(Milton Bradley embraces Ken Griffey Jr. after Bradley’s 3-run homer against Oakland on April 13 that lifted the Mariners to a 3-0 win over the A’s. Photo by Associated Press).
ANOTHER UPDATE, 10:30 A.M. TUESDAY: Mike Salk of 710 ESPN has a blog post up with some interesting comments from a couple of former Indians players, Lou Merloni and John McDonald, who were there for the Wedge-Bradley incident and believes Wedge handled it properly.
UPDATE: I’ve put up a new post with word of Milton Bradley’s positive reaction to Eric Wedge’s hiring.
The incident from spring training of 2004 between new Mariners manager Eric Wedge and current Mariners outfielder Milton Bradley, back when both were with the Cleveland Indians, is getting a lot of focus now that Wedge is rejoining Bradley in Seattle.
Probably too much focus. One baseball executive told me this morning, “It’s a big human-interest story, maybe, but it’s not a big baseball story.”
His point was that Bradley has just one year left on his contract (though at a whopping $12 million). At most, Wedge and Bradley will have to co-exist one season; if it’s clear it’s not going to work out, and the Mariners can’t trade him*, the M’s will probably have to bite the bullet and cut Bradley. But they would have faced that same dilemma even if Wedge hadn’t been hired. Bradley contributed little last year, hitting just .205 with eight homers and 29 RBIs in 73 games before a knee injury that required surgery ended his season. That’s two poor seasons in a row for Bradley, who led the American League in on-base percentage and OPS in 2008 with Texas.
*Their only chance of trading Bradley will be if they either eat virtually all of the contract, or else take on someone else’s expensive problem in a deal similar to the one that got Bradley here in the first place from the Cubs for Carlos Silva. No one is going to take on such a volatile, injury-riddled, expensive and apparently declining player otherwise. One team to keep in mind is the Pirates, whose GM, Neal Huntington, has a long association with Bradley dating back to their days together in Montreal. It was Huntington who, after moving to Cleveland, pushed hard for the Indians to trade for the outfielder.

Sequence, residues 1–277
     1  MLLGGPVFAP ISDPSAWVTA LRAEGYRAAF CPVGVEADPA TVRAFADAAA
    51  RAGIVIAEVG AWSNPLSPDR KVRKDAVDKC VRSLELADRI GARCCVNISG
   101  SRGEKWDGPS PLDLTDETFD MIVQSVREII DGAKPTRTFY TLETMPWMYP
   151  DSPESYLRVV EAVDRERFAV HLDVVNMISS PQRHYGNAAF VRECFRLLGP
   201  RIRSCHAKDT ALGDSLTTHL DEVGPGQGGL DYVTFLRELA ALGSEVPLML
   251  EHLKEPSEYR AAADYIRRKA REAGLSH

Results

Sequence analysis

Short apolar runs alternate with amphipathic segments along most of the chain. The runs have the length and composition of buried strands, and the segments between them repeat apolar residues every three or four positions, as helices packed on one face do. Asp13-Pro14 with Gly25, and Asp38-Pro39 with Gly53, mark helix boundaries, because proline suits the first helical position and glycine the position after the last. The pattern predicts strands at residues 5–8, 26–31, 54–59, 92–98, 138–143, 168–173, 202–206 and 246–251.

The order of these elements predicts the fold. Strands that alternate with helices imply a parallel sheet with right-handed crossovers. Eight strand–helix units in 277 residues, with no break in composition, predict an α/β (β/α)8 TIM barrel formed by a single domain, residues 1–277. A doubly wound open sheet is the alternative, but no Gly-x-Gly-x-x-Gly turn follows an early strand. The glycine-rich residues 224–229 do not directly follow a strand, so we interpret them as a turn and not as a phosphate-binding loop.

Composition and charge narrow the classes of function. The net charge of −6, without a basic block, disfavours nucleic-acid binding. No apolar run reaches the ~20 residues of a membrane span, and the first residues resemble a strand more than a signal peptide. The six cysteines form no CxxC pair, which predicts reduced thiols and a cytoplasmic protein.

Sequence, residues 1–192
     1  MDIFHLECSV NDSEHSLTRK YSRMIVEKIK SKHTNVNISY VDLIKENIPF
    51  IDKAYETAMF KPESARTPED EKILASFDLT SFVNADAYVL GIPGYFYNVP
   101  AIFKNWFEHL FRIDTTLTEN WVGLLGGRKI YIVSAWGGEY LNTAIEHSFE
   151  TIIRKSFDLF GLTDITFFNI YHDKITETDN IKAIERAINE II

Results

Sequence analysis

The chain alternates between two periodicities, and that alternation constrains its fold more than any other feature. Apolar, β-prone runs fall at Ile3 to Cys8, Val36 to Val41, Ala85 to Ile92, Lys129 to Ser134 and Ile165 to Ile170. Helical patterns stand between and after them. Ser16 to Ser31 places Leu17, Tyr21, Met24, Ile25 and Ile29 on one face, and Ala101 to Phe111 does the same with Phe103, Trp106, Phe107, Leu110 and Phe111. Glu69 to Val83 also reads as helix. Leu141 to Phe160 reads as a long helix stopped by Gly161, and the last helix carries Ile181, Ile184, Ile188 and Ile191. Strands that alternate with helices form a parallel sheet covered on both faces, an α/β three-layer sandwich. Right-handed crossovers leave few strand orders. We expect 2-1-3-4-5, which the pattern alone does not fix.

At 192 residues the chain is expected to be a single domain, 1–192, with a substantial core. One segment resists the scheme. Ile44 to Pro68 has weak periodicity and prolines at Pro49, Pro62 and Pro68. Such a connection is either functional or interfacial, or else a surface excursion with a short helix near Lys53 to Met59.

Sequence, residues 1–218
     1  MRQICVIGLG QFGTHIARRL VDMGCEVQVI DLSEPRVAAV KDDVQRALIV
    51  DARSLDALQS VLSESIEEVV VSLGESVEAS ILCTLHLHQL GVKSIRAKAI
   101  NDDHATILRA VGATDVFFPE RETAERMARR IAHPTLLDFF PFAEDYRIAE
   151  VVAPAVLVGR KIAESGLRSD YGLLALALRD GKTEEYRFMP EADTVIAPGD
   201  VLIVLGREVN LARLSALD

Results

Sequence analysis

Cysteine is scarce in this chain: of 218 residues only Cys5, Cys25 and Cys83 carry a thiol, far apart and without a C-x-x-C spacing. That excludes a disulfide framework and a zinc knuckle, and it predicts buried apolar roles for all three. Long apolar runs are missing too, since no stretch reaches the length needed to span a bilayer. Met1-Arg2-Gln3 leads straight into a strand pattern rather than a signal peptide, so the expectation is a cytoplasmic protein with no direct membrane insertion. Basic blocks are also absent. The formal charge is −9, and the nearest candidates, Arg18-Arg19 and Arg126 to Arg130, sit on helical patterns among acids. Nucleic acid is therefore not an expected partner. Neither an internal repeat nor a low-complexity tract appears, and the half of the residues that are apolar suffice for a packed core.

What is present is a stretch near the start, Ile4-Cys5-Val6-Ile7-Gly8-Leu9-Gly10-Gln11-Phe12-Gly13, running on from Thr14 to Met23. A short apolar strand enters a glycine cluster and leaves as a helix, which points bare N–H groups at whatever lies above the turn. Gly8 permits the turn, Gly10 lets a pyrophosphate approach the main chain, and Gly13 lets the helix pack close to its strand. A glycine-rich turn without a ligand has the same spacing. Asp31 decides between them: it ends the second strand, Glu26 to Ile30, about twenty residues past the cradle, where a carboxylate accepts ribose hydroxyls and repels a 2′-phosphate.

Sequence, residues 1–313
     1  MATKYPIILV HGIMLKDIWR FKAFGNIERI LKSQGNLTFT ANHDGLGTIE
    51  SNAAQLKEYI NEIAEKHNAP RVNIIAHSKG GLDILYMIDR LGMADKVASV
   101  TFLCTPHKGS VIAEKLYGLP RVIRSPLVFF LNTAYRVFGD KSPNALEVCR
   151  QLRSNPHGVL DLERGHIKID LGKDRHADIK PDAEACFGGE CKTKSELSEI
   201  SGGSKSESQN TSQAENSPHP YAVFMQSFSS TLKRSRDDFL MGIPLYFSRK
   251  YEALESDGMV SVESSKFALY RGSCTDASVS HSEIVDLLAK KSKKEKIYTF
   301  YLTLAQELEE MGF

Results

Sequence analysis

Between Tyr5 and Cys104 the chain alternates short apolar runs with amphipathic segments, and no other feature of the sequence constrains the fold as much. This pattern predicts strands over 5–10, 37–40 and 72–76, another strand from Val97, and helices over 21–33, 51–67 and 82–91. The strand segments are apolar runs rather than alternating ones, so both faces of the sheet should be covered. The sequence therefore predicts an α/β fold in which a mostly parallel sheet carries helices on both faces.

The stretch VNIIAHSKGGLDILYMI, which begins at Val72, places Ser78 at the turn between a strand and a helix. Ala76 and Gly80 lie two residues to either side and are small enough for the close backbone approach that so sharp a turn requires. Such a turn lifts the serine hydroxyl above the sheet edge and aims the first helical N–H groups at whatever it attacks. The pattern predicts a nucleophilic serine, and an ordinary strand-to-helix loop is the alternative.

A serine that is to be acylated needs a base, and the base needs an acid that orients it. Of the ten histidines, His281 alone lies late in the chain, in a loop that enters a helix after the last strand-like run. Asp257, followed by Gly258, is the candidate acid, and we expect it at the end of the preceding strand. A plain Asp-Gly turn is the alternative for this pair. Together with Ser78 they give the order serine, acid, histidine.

I read a piece today by AOL Fanhouse’s John Hickey, who covered the Mariners for several years for the P-I, in which Hickey writes: “One baseball source told FanHouse he’d heard Wedge went out of his way in the interview process to say that much time has passed since the incident and that he and Bradley should be able to work things out.”
I don’t doubt that’s true, and I don’t doubt that Bradley, who is 32 years old now and went through counseling early in the 2010 season to deal with some personal issues, will try hard to make it work as well.
That said, in doing research, this was not just some minor personality clash. It appears to have been a major butting of heads. Yet I’ve also been told by someone in a position to know that the Indians’ decision to trade Bradley was not the result of an ultimatum from Wedge that “either he goes or I go,” as has been portrayed. It was an organizational decision that resulted from a series of incidents involving Bradley, of which this one was merely the final straw.
“A manager doesn’t make that decision alone,” said a source. “What happened with Milton was more a result of what transpired behind the scenes than from one incident in Kissimmee.”